Already-lean councils are facing potential financial collapse as they scrape for further savings and efficiencies. But how real is this risk? We assess recent service budget data to find out.
In our national review of local government financial management arrangements, Reforging Local Government (December 2015), we found that most councils managed their finances proficiently and have become lean. Following the 2015 spending review, councils faced having to generate further savings of up to 29%, with the Local Government Association forecasting a £13 billion funding gap – so, for many councils, the scope and depth of the services they provide would come under increasing focus.
By the end of 2015, we found greater financial uncertainty and risk in councils’ strategic financial plans as they continued to search for alternatives to service reduction, with far fewer options than they have had over the previous five years. Most were projecting significant funding gaps over the next three-to-five years and the main source of risk was the lack of detailed plans in place to address these deficits, particularly from 2017/18 onward.
Our evidence suggested that the number moving into deficit by 2020 would be small but in 2014/15 we did see some increased signs of stress. For example, there were significant overspends in some service budgets, particularly adult and children’s social care. Some councils used the New Homes Bonus (NHB) to top up shortfalls in savings projections; others were using unbudgeted income to compensate for budget overspends. We saw an increased use by councils of their reserves, and some even imposed unplanned spending freezes.
What does this squeeze mean for the underlying cost of delivering services – are councils spending less each year? Using our CFO Insights data tool, we looked at how service budgets changed in the two years between 2012/13 and 2014/15.
Change in gross expenditure by council type
The bulk of council savings were taken in the first three years as part of front-loaded financial plans assembled after the Spending Review in 2010, with substantial reductions in service costs (generally accepted to be around 40%).
However, when we look at the change in total gross expenditure on services over the two years since April 2013, what strikes us is that, despite the tremendous effort, the level of total cost has actually moved very little and, in some cases, has increased (we have excluded education and public health for the purposes of this analysis).
London boroughs and counties have actually seen small increases in the gross cost of services over this period.
Change in gross expenditure by service line
Click to view the following three charts at larger size (charts open in new window).
Fig 2a: London Borough, Metropolitan Borough Council and Unitary Council
Fig 2b: County Council
Fig 2c: District Council
If we consider the movements in the gross cost of individual key services over the last two years, it has been fairly static, with reductions in some areas, such as cultural services. Planning service costs seem to be on the rise, which may be an indicator of increasing housing development.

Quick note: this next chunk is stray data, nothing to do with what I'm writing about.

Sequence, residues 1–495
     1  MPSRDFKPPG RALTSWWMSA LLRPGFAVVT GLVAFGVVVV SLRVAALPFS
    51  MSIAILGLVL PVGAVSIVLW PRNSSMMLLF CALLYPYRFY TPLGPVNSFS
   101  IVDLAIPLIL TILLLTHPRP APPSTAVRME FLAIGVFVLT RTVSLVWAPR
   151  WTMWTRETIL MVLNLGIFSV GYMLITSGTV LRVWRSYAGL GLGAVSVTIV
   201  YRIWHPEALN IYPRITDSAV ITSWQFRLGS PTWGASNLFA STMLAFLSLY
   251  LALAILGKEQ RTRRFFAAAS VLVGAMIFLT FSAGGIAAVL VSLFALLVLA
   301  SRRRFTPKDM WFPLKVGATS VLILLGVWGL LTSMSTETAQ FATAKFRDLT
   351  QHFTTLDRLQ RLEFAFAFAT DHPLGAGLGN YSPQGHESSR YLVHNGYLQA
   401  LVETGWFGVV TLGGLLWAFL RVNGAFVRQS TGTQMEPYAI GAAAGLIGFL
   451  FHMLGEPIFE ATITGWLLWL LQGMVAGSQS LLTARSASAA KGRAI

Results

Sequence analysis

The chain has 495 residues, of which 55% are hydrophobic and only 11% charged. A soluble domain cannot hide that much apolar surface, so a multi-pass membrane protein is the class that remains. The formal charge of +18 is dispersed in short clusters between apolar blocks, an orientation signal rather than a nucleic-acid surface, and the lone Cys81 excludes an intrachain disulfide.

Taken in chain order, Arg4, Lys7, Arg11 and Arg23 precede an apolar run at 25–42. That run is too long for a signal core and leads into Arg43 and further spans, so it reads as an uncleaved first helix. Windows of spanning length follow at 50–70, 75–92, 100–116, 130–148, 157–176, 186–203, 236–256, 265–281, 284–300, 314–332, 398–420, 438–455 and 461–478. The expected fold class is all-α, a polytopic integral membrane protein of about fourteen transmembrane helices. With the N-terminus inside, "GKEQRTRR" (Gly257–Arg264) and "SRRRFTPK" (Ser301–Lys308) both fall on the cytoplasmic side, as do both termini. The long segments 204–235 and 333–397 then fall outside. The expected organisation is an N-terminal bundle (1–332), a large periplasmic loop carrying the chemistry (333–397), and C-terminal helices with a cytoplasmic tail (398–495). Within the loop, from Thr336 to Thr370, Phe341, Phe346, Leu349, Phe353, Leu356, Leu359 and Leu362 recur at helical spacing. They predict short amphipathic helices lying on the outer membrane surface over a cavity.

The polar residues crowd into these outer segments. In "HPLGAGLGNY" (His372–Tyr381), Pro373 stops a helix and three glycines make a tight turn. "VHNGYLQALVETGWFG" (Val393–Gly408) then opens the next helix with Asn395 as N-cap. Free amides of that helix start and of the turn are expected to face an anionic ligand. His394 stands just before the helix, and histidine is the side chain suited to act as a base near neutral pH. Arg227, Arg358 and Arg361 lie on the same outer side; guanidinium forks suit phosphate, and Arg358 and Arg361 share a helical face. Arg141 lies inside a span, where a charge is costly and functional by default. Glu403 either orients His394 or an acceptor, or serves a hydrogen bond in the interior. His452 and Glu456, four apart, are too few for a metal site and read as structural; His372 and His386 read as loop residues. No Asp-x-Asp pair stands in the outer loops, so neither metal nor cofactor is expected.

So far, it seems that the challenge of increasing demand for adult social care has been mitigated by savings, including through demand management and prevention. However, experience suggests that this has only been managed with some tough decisions about the type of service offered and the price paid to private social care providers.
The cost of children's services for single and upper-tier councils has increased steadily over this period across all council types, and seems to be a key cost pressure for upper and single-tier councils. This is almost certainly due to the need to meet basic standards of care expected by regulators, including the Care Quality Commission (CQC), as well as the impact of new legislation such as the Care Act.
Change in income by authority type
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The benefit from efforts to increase revenue from fees, charges and commercial enterprises linked to services has yet to make a significant impact for most councils. This is despite encouraging signs of progress in some cases. Income classified as democratic core or central services does seem to have seen increases in some cases. This may be linked to the impact of Local Authority Trading Companies (LATC) and other commercial enterprises. However, it is still too early to draw too many conclusions on the long-term impact of these developments.
Limited reductions in the cost of delivering services in the face of significant cost pressures in the two years from 2012/13 to 2014/15 may have significant implications for the financial resilience of councils in the future. It is a strong indicator that those savings that are easier to deliver have already been taken.
Generally, adult social care has shown only relatively small cost increases so far, although it seems clear that the full impact of increasing demand and unit cost inflation from minimum wage legislation has yet to be felt.
The main driver of cost pressure so far has been children's social care and the need to meet ever-higher minimum standards of service. It remains to be seen whether income generation and commercial models can have a significant impact in mitigating these pressures.
Our analysis presents a picture of English local authorities having to run hard just to stand still in financial terms over the past two years. This leaves us looking to the new funding arrangements based on local taxation to resolve the uncertainty about local government financial resilience in the longer term.
Words: Thomas Foster, Senior Manager, Local Government Advisory, Grant Thornton. First published in The Municipal Journal. You can read more about CFO Insights data tool here.